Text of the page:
Harlequin posted modest gains in the second quarter ended June 30, with total revenue up 1.2%, to C$116 million ($110.2 million). Operating income, however, jumped 22%, to C$12.5 million ($11.9 million). The improvement in earnings was attributed in part to last year’s restructuring, which eliminated about 40 positions; parent company Torstar said the reorganization resulted in cost savings of C$900,000 in the second quarter and C$1.8 million for the first half of the year. Revenue in the first six months rose 3.1%, to C$240.4 million, and operating profit increased to C$31.6 million from C$25.3 million.

In the second quarter, Harlequin said sales were flat in its North American retail division, with the number of series books sold offset by a decline in single title sales. Direct-to-consumer sales continued their downward trend in the quarter. Harlequin head Donna Hayes said series units were off slightly due to a change in timing of promotions, but that dollar sales were up. Two titles by Debbie Macomber were among Harlequin’s top single title sellers, while the company’s paranormal series had a strong quarter, and a new African-American series, Kimani, also gained traction in the period. Unlike more general interest trade houses, Hayes said sales through retailers have been solid, with several accounts reporting that romance in general has been a good category. Sales through online retailers have grown by double digits.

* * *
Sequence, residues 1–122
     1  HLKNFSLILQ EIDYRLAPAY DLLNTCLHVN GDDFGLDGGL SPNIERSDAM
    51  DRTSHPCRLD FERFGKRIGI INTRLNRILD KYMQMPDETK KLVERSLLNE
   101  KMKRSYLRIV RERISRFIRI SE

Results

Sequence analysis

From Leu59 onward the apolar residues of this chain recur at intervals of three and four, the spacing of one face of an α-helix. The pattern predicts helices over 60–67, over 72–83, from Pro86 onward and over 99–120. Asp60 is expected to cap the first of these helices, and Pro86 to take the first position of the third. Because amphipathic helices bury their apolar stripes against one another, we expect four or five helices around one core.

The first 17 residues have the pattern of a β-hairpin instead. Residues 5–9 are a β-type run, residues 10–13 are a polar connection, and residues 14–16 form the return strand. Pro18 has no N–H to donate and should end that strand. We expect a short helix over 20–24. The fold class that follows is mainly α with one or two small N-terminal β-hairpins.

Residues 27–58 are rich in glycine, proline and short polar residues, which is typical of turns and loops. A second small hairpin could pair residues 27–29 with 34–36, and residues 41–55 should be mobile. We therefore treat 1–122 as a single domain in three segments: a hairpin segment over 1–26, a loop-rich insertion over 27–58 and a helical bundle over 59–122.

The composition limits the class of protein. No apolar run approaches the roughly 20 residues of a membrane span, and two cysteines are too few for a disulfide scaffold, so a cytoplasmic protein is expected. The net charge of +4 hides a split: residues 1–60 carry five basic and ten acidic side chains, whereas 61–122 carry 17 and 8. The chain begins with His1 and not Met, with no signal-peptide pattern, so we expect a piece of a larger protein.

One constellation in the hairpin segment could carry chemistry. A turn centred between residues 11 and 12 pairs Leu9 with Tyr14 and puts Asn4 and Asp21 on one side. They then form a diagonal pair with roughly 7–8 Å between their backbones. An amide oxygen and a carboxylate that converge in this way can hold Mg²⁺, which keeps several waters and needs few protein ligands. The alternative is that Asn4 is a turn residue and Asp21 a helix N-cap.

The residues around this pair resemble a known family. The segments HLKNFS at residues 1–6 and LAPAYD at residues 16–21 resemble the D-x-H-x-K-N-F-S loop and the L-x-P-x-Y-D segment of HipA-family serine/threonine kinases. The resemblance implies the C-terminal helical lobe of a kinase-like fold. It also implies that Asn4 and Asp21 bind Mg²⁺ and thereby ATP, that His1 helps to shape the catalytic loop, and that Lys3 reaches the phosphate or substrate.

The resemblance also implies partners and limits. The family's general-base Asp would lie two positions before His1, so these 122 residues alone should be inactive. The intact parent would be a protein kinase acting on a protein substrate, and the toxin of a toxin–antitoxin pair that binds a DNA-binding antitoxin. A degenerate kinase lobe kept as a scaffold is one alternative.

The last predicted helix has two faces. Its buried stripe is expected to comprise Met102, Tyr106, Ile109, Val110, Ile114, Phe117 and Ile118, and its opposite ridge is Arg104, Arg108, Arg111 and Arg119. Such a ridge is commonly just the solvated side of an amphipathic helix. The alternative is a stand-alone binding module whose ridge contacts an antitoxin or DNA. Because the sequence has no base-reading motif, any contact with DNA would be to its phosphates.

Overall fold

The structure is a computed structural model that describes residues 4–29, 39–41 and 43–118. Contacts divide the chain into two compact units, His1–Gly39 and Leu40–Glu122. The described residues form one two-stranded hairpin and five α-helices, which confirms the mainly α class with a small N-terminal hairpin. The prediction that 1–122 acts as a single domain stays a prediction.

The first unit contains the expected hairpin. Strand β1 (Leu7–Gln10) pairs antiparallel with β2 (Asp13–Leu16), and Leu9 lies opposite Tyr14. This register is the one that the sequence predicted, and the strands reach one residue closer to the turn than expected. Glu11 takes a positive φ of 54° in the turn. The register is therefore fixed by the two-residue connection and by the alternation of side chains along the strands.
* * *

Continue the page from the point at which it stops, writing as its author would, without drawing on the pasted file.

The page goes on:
E-book sales also rose in the period, albeit from a small base. Still, Harlequin has seen enough growth in the format to introduce a new line. Spice Briefs will be original erotic e-books in the 5,000- to 15,000-word range. The price will be $2.99, although the company is offering the titles at 99 cents for until Aug. 15. Two titles will be published per month and will be available in all e-book formats. Hayes said that beginning this month, Harlequin will create an e-book edition of every new book it releases.